CINDY BERGER, PUBLICIST, PMK, HBH: I graduated college and I was laying in a friend`s pool reading "Cosmopolitan" magazine, drinking a can of TAB. And there was an article about celebrity publicist. And I thought, my God, that`s what I want to do. That`s it.
PHILLIPS: She`s a powerhouse in the world of showbiz. Managing director of one of the most prestigious publicity firms in Hollywood, PMK, HBH.
Chances are you know a few of Cindy Berger`s famous clientele.
BERGER: It`s important, make no doubt, if you`re an entertainer, to have a publicist.
ROSIE O`DONNELL, HOST, "ROSIE O`DONNELL" SHOW: She`ll say "it would be good if you didn`t mention the NRA in this interview," you know. Or something like, try not to say President Bush is immoral.
PHILLIPS: February 13, 9:30 a.m., the 100th episode of Martha. I
BERGER: I left at 7:25.
PHILLIPS: Cindy is in place, awaiting the arrival of her long-time client Rosie O`Donnell.
O`DONNELL: The crew is here for my publicist, not for me. It`s all right. I used to be a very well known entertainer.
PHILLIPS: From the car, Rosie`s entourage heads to the makeup room. Soon a sound check.
O`DONNELL: Rosie, Rosie, check.
PHILLIPS: A cappuccino; a knock on the door.
O`DONNELL: Who is that?
MARTHA STEWART, DESIGNER: Hey.
O`DONNELL: Martha. You didn`t come see me in Fiddler, you big wench.
STEWART: I know.
BERGER: It`s not a precise science.
O`DONNELL: She`s, like, 63 and she wears leather pants, and looks better than I ever have. It`s frightening.
She takes care of me because she loves me and I trust her judgment, especially when I`m not in a place to make good judgments for myself. You know, I`m a very emotional person.
CASTRO: I don`t understand why anyone would want to do this job. Because they`re getting called at 4:00 in the morning from their client saying, you know, "Where`s my limo?"
And then, of course, worst is when their clients going, you know, just mental and do something and are involved in a scandal or end up in jail. And you go, "Oh man, now, what do I do?"
BERGER: It`s a tough business. It`s not for pansies.
PHILLIPS: Michael, Russell, Courtney, Pewee, Wynonna, Whitney, Hugh, what do these celebrities and Martha and Rosie have in common? Scandal.
O`DONNELL: I will say nothing else.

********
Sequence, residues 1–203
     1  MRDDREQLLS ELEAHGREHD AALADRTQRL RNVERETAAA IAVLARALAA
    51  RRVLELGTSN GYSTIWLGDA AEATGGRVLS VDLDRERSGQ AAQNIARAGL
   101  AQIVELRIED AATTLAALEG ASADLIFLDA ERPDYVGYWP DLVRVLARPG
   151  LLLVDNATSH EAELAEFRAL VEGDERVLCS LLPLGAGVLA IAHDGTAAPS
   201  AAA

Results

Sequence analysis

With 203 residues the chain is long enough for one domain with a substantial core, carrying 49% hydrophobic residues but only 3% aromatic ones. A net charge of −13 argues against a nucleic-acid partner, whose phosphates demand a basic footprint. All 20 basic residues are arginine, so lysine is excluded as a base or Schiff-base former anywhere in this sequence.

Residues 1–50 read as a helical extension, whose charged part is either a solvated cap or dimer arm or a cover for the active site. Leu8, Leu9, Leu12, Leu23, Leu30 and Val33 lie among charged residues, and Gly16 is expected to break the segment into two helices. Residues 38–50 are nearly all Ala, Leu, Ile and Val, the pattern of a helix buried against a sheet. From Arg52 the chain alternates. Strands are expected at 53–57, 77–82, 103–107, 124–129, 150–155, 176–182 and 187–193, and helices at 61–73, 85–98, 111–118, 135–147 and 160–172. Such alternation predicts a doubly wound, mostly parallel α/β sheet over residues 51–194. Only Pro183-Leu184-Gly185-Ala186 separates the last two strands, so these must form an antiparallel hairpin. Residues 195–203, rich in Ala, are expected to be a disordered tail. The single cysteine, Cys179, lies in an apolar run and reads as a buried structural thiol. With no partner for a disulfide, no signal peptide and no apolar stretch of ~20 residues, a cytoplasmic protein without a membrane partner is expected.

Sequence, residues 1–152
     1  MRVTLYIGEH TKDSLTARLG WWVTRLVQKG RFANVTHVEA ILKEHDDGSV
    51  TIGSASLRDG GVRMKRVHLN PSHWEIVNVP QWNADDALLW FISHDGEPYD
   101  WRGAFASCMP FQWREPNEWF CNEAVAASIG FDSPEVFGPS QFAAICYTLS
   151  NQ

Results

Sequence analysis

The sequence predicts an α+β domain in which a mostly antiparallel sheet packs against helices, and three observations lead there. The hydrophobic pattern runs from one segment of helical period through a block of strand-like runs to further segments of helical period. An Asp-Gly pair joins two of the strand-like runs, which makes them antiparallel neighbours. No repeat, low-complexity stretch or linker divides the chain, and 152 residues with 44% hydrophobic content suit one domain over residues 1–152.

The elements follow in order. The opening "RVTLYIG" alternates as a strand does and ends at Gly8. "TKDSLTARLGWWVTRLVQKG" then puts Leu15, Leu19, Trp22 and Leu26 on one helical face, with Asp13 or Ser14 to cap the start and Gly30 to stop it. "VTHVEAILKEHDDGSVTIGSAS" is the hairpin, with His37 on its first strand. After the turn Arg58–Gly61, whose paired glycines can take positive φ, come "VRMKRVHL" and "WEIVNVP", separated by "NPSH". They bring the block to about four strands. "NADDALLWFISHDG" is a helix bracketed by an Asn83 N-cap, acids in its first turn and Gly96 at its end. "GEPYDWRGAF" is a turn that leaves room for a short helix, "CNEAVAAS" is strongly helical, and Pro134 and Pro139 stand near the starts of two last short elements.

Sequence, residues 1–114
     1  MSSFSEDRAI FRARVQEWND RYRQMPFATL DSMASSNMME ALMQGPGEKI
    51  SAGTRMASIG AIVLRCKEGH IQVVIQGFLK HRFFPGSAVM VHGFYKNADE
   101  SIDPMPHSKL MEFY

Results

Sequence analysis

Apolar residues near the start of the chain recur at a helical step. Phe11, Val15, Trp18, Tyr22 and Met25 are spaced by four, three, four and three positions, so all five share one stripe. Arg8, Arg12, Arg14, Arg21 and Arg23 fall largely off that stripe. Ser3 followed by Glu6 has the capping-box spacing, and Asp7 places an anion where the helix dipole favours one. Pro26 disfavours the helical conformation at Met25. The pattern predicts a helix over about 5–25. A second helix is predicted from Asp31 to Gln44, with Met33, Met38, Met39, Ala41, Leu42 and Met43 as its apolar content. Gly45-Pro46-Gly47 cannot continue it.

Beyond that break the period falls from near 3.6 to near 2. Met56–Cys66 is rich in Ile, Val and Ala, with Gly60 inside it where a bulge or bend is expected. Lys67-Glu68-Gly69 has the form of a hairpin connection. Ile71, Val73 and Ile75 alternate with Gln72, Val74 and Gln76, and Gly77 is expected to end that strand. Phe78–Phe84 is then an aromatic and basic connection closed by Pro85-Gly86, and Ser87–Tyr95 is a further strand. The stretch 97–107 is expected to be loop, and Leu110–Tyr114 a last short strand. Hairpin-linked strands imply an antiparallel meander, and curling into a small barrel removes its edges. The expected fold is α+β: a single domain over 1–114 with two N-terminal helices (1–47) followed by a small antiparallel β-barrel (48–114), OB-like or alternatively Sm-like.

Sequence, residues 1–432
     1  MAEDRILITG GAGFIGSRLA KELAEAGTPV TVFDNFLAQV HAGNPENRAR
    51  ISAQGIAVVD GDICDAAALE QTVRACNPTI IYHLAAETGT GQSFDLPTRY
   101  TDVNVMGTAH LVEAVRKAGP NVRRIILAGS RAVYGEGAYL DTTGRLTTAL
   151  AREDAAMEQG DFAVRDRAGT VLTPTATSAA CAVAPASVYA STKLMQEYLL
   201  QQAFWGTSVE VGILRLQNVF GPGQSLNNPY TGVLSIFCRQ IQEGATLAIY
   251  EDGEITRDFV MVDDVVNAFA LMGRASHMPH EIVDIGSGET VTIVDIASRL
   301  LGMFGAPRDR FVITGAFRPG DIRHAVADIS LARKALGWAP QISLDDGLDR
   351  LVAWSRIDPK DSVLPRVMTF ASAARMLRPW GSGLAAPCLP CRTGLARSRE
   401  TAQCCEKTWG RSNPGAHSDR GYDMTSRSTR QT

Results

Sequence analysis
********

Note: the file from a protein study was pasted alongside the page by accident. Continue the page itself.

PHILLIPS: And in the world of publicity scandal is never a good thing.
BERGER: Damage control is coming up with an effective campaign and executing it properly.
PHILLIPS: And no one knows damage control like Allan Mayer. In Hollywood, he`s considered a master in disaster, a certified crisis specialist who`s helped the likes of Halle Berry and Tommy Lee.
ALLAN MAYER, PUBLICIST, SITRICK AND COMPANY: If you don`t tell your own story, someone else is going to tell it for you, and chances are, you won`t like the way it comes out.
PHILLIPS: Case in point: Rosie O`Donnell. In 2002, after six years on the air, the beloved talk show host said good-bye to her show and her cutie-patooti persona.
O`DONNELL: I remember "Newsweek" saying the "queen of nice." And I remember on the show, holding it up, saying, "Wait until this turns and we get the queen of fried rice, you know, the queen of lice. This is going to bite me in the ass one day, folks. Make no mistake." You know, and it did.
PHILLIPS: Exactly one year later, in the fall of 2003, Rosie was not only out of the closet, but standing smack in the middle of scandal. Publishers of her now defunct "Rosie" magazine had slapped O`Donnell with a $100 million breach of contract suit. And the case quickly turned nasty.
CASTRO: Here was Rosie O`Donnell, who was beloved, and all of a sudden, the next thing you know, it`s like she`s turned into the Tasmanian Devil.
(BEGIN VIDEO CLIP)
O`DONNELL: What did I do? I`m fat. I yell. And I sometimes say the "f" word.
(END VIDEO CLIP)
It was the worst thing that`s happened to me in my public life. I remember we pulled up the first day and I said to Cindy, "What the hell are all these trucks doing here?"
BERGER: It was a nightmare. I didn`t think any of us thought that we were going to be walking up the steps of a courthouse.